In _{c}, the critical value below which AC and OD are completely suppressed, is much higher for an APF compared to that of a LPF (not shown here): therefore even a relatively weak all-pass local filtering is equivalent to a stronger local low-pass filtering, as far as suppressing AC and OD is concerned. This is the consequence of the fact that at a particular value of α, the phase shift introduced by an APF is twice of that of a LPF [

With all-pass filtering: Phase diagram in the

In this paper, we have revealed that the presence of local filtering (either low-pass or all-pass) suppresses the amplitude chimera state and therefore gives rise to global synchrony (coherent traveling waves). Further, it has been shown that local filtering causes rhythmogenesis by suppressing the steady state behavior (i.e., OD state), which has immense importance in many biological and engineering systems [

Our study reveals that the cut-off frequency α of the local filter acts as an efficient control parameter of the network that can be tuned to achieve a desired symmetry-breaking state or synchronized state without changing coupling strength or range. Several control methods to stabilize phase or amplitude mediated phase chimeras have recently been proposed [

From the perspective of dynamical systems the role of α can be understood in the following way: α actually controls the dissipative property of the whole network by controlling the dissipation and dispersion in the coupling path; a smaller α imposes a larger filtering effect and therefore smaller dissipation, which favors synchrony and rhythmogenesis. In this context we observe that filtering does not affect the pattern of phase chimera appreciably. This may be due to the fact that additional phase shift and/or attenuation caused by filtering has lesser effect on the mean frequency than on the amplitude dynamics (note that in the phase chimera the mean frequency is the determining factor that distinguishes the coherent and incoherent domains, whereas in the amplitude chimera, the amplitude of the nodes matters).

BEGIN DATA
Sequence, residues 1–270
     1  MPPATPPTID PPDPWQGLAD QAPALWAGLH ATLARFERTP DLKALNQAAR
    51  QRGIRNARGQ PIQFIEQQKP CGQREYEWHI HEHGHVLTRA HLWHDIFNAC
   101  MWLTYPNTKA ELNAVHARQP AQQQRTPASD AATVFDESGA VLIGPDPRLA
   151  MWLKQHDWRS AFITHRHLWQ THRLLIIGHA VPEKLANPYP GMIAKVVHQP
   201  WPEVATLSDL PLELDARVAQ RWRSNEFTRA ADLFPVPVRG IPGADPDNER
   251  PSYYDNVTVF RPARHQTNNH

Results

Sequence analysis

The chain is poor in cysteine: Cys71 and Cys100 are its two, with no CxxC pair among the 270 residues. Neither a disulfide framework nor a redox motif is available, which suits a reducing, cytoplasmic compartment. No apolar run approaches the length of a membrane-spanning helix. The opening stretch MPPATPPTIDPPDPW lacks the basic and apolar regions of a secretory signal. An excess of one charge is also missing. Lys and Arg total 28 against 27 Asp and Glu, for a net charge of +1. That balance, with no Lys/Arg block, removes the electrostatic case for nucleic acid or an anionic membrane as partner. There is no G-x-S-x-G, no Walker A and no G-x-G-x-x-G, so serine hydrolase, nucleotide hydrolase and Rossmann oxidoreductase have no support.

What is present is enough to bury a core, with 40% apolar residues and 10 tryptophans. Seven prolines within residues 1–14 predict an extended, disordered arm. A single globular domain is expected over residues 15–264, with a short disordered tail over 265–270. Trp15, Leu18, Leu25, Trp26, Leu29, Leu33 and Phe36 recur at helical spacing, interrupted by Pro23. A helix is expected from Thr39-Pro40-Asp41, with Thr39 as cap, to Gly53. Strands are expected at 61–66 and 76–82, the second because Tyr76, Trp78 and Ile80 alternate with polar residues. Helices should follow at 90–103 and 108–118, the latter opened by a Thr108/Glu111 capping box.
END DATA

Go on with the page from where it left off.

In this paper we have considered a network of Stuart-Landau oscillators. However, we verified that the filtering affects the amplitude chimera in a similar way in other systems also, for example, in a network of Rayleigh oscillators [

TB, ES, and AZ formulated the problem. BB and TB carried out the analysis. BB performed the computations. All authors discussed the results and contributed to writing the manuscript, read and approved the final manuscript.

The authors declare that the research was conducted in the absence of any commercial or financial relationships that could be construed as a potential conflict of interest.

BB acknowledges University of Burdwan for providing financial support through the state funded research fellowship. AZ and ES acknowledge the financial support by DFG in the framework of SFB 910.